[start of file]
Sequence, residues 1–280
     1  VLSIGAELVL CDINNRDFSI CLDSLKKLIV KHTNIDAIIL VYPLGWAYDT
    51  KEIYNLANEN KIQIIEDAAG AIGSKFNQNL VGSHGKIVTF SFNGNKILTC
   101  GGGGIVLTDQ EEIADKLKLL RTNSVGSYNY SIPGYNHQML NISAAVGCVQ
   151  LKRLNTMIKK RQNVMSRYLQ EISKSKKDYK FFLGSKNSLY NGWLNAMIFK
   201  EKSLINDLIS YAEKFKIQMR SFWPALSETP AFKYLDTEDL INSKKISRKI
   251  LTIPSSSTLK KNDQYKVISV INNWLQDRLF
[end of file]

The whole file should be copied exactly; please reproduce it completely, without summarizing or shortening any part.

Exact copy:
Sequence, residues 1–280
     1  VLSIGAELVL CDINNRDFSI CLDSLKKLIV KHTNIDAIIL VYPLGWAYDT
    51  KEIYNLANEN KIQIIEDAAG AIGSKFNQNL VGSHGKIVTF SFNGNKILTC
   101  GGGGIVLTDQ EEIADKLKLL RTNSVGSYNY SIPGYNHQML NISAAVGCVQ
   151  LKRLNTMIKK RQNVMSRYLQ EISKSKKDYK FFLGSKNSLY NGWLNAMIFK
   201  EKSLINDLIS YAEKFKIQMR SFWPALSETP AFKYLDTEDL INSKKISRKI
   251  LTIPSSSTLK KNDQYKVISV INNWLQDRLF